(Article originally published by the Carnegie Council)
As part of the ongoing debate over the budget and potential for “sequestration” at the end of the year, the administration appears to be trying to make a case for BRAC as it defends the details of its annual budget proposal.
Some may argue that this is simply an effort to “encourage” Congress to confront the issue of reducing the nation’s overall deficit through both budget cuts and tax increases. Others could suggest it is in response to the House-passed budget that attempts to prevent sequestration, in part, by large reductions in social programs. Clearly, few congressmen are interested in BRAC during an election year. Still, the battle lines are being drawn in this part of the debate and the administration presented some of its proposals in concert with its requests for military construction.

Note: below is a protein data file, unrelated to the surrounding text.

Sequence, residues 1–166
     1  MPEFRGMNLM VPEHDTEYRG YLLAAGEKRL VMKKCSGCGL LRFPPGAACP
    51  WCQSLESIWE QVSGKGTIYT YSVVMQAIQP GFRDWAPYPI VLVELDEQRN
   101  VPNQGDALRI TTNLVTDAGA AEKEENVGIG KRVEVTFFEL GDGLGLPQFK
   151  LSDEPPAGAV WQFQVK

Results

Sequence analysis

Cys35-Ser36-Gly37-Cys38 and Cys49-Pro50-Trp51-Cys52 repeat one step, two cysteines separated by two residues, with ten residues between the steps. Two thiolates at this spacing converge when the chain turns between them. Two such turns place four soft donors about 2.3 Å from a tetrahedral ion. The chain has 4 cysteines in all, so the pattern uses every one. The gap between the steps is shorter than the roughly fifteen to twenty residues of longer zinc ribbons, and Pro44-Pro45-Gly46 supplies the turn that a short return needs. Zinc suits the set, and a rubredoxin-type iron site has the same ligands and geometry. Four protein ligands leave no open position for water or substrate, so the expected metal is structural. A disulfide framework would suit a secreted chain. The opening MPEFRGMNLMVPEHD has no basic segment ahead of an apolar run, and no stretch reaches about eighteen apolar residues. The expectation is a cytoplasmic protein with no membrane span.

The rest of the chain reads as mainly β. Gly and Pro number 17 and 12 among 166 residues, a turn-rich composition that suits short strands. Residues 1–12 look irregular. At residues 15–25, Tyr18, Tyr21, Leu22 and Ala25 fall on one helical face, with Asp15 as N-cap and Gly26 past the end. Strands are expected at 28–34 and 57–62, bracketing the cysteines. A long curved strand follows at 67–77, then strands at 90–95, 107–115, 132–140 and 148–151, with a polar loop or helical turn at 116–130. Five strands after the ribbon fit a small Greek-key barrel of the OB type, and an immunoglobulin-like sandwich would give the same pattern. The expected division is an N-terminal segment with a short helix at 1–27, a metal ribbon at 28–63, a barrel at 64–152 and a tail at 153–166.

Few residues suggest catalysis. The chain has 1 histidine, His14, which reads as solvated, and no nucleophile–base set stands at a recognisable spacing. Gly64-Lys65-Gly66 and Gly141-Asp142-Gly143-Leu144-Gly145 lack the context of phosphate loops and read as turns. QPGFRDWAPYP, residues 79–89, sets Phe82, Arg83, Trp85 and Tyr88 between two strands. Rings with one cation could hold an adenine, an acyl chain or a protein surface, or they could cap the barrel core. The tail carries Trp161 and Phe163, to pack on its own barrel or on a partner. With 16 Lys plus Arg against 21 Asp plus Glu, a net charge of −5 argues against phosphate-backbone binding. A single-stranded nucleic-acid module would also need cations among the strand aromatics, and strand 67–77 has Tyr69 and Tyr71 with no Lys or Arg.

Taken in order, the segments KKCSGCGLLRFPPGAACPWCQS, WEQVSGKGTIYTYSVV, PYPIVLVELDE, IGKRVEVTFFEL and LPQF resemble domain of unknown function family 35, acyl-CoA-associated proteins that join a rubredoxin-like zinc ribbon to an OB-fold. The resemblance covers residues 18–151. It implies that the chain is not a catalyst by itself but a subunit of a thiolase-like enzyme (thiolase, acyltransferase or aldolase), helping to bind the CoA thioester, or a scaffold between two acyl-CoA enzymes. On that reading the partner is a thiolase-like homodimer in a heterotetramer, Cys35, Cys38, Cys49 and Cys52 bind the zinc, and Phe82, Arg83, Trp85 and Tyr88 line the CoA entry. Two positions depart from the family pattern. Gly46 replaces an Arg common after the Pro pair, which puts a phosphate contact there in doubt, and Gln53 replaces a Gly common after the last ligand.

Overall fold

In congressional testimony, the Pentagon’s chief financial officer told the Senate Armed Forces Committee that the Defense Department’s (DOD) request for $11.2 billion for military construction and family housing in the fiscal 2013 budget would “balance the armed forces’ needs with the nation’s economic situation.” Comptroller Robert F. Hale also requested more rounds of base realignments and closures in fiscal 2013 and 2015. He argued that “Even with planned force cuts . . . BRAC is the only effective means to meet that goal.”
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